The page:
Zambia’s only stock exchange listed cement manufacturing company has informed shareholders that the company has been informed by the Competition and Consumer Protection Commission that it violated one of its Acts, according to a statement from Lafarge Zambia Plc.
“The Lafarge Zambia Plc. Board wishes to inform its shareholders and the market that on 30th of March 2021 the Competition and Consumer Protection Commission informed the Company that it had concluded that Lafarge contravened the Competition and Consumer Protection Act”, according to a statement published on SENS and issued by Company Secretary Chibuye Mbesuma Ngulube by order of the Board on 1st April 2021. “On 31st March 2021 the CCPC issued a press release in relation to its decision of 30th March 2021 which was followed by a press release issued by the Company”.
According to the statement, the Commission gave the following directives in relation to the Company:
- Lafarge shall be fined 10% of its annual turnover for the year 2019 and 10% of its annual turnover for the year 2020;
- The Company shall revert to alleged pre-cartel prices of USD 4.50 – USD 5 for a period of one year from the date of receipt of the decision of the Board;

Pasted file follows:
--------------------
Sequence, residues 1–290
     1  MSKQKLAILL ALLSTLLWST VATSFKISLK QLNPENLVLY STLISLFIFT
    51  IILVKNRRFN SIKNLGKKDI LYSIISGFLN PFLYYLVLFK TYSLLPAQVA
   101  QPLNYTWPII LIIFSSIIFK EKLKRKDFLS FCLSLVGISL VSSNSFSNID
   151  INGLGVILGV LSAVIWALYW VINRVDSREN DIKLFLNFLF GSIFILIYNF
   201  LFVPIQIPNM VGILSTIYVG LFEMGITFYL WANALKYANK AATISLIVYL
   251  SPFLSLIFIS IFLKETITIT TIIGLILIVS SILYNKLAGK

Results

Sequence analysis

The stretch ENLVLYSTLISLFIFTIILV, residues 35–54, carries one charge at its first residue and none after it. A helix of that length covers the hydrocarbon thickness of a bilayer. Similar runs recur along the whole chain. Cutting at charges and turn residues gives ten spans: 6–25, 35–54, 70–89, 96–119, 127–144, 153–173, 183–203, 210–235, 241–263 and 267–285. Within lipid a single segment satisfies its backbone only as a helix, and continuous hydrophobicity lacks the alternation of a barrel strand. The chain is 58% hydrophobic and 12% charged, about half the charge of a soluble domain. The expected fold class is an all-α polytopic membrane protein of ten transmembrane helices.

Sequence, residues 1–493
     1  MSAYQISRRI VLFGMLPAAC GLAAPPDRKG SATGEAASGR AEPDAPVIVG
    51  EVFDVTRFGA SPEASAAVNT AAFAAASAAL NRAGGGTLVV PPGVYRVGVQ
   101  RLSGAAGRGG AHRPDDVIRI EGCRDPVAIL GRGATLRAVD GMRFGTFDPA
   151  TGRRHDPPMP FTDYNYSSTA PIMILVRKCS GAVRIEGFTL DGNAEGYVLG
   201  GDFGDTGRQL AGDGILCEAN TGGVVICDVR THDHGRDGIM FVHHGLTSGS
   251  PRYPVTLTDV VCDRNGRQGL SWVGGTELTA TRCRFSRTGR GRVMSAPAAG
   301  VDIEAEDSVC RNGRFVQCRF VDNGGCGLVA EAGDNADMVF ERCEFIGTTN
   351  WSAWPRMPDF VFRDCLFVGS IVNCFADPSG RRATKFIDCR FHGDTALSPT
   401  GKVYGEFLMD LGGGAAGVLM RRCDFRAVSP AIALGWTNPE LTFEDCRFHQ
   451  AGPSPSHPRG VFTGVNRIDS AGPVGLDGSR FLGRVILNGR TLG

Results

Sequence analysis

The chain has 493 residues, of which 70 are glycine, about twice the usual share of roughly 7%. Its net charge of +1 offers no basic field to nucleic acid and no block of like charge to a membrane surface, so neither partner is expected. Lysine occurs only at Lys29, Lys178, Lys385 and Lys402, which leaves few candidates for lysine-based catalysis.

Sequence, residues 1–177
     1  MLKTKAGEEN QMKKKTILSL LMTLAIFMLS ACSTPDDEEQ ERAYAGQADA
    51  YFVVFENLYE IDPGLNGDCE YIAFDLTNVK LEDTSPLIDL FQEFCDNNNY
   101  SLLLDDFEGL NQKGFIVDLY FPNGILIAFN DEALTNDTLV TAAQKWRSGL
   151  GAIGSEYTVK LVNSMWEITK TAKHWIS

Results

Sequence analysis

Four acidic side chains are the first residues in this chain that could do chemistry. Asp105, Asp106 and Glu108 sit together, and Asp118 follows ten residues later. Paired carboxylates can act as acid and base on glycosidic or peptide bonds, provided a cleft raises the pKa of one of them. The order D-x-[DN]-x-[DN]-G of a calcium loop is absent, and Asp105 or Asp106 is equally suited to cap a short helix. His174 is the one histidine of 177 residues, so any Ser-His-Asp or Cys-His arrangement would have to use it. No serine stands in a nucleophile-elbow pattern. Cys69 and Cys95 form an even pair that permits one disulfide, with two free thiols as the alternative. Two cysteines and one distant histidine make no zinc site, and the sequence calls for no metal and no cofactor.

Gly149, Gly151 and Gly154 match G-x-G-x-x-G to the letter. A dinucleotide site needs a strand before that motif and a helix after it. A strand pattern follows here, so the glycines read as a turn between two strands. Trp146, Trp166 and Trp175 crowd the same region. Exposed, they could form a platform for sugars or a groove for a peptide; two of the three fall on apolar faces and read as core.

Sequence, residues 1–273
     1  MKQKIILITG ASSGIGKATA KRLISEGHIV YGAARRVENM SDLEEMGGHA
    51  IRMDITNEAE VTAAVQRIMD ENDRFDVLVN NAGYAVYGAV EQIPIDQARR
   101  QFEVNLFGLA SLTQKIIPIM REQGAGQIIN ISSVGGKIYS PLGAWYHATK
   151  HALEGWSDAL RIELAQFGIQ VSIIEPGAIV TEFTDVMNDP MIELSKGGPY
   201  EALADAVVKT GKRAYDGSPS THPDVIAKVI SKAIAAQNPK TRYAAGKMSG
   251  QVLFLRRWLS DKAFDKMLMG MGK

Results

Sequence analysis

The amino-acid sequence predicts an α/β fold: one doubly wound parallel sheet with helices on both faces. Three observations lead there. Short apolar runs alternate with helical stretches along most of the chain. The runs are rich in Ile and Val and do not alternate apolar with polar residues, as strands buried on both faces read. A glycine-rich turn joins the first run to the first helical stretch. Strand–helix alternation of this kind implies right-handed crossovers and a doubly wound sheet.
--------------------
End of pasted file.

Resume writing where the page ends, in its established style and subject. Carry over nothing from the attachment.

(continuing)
- The Company shall submit monthly average ex-works prices and any price adjustments be indexed to the exchange rate and be submitted to the Commission for review;
- The Company shall develop and implement compliance programme within 90 days of receiving the Board directive; and
- Lafarge shall make undertakings within 90 days of receiving the directive, that their staff shall not engage in any anti-competitive behavior and the Company shall not facilitate and/or participate in any anti-competitive conduct including the exchange of information.
In 2020, the company made an estimated K1.2 billion in turnover (based on Financial Insight forward estimate from their 2020 half year results announcement of K637 million turnover). The fine estimation from Financial Insight is around K11 million for the FY 2019 and K12 million for the FY 2020.
The Chief Financial Officer will also have a further headache of restating financial forecasts for the FY 2021 as the company is forced to revert to lower prices. His headache will be shared with the Operations Manager who will be producing
On the public relations front, the Jimmy Khan led Management team will work hard to shake off the perception of cartel in an industry that saw a sharp rise is a commodity that is heavily on demand due to ubiquitous construction in Zambia.
Lafarge are not alone in the fine. Mpande was another cement manufacturer that has also been caught up in the “cement price hike” debacle.
The genesis of the investigation started when Lafarge made the bold move of increasing retail prices of their product citing two important value chain inputs as the reason. “We would like to inform the public and our esteemed customers that Lafarge Zambia plc has increased the cement price by an average of 20% to sustain business operations and provide quality cement. The decision to increase the price was a result of the current increase in the prices of fuel and electricity”.
What was not anticipated from the increase was the cascaded effect the prices would have on a bustling industry.